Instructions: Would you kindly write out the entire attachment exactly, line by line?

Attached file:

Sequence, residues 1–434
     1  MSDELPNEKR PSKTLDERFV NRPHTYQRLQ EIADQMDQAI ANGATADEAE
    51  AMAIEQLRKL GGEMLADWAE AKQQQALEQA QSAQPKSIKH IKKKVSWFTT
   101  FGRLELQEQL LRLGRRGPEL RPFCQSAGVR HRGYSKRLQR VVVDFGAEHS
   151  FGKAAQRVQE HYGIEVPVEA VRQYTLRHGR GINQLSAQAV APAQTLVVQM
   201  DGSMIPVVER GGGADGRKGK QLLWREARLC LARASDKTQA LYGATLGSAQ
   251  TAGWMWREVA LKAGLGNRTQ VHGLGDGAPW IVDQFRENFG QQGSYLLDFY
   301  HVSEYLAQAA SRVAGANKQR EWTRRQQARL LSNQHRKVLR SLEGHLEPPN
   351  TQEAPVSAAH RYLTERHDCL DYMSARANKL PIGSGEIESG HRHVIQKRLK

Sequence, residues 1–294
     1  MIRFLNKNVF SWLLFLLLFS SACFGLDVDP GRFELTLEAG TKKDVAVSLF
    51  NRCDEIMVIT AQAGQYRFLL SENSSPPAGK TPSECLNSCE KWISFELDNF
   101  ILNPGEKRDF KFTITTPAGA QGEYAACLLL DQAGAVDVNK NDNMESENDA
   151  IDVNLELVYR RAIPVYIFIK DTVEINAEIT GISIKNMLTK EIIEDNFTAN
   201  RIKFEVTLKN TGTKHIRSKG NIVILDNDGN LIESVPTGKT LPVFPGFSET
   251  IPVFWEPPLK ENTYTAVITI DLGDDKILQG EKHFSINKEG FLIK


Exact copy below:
Sequence, residues 1–434
     1  MSDELPNEKR PSKTLDERFV NRPHTYQRLQ EIADQMDQAI ANGATADEAE
    51  AMAIEQLRKL GGEMLADWAE AKQQQALEQA QSAQPKSIKH IKKKVSWFTT
   101  FGRLELQEQL LRLGRRGPEL RPFCQSAGVR HRGYSKRLQR VVVDFGAEHS
   151  FGKAAQRVQE HYGIEVPVEA VRQYTLRHGR GINQLSAQAV APAQTLVVQM
   201  DGSMIPVVER GGGADGRKGK QLLWREARLC LARASDKTQA LYGATLGSAQ
   251  TAGWMWREVA LKAGLGNRTQ VHGLGDGAPW IVDQFRENFG QQGSYLLDFY
   301  HVSEYLAQAA SRVAGANKQR EWTRRQQARL LSNQHRKVLR SLEGHLEPPN
   351  TQEAPVSAAH RYLTERHDCL DYMSARANKL PIGSGEIESG HRHVIQKRLK

Sequence, residues 1–294
     1  MIRFLNKNVF SWLLFLLLFS SACFGLDVDP GRFELTLEAG TKKDVAVSLF
    51  NRCDEIMVIT AQAGQYRFLL SENSSPPAGK TPSECLNSCE KWISFELDNF
   101  ILNPGEKRDF KFTITTPAGA QGEYAACLLL DQAGAVDVNK NDNMESENDA
   151  IDVNLELVYR RAIPVYIFIK DTVEINAEIT GISIKNMLTK EIIEDNFTAN
   201  RIKFEVTLKN TGTKHIRSKG NIVILDNDGN LIESVPTGKT LPVFPGFSET
   251  IPVFWEPPLK ENTYTAVITI DLGDDKILQG EKHFSINKEG FLIK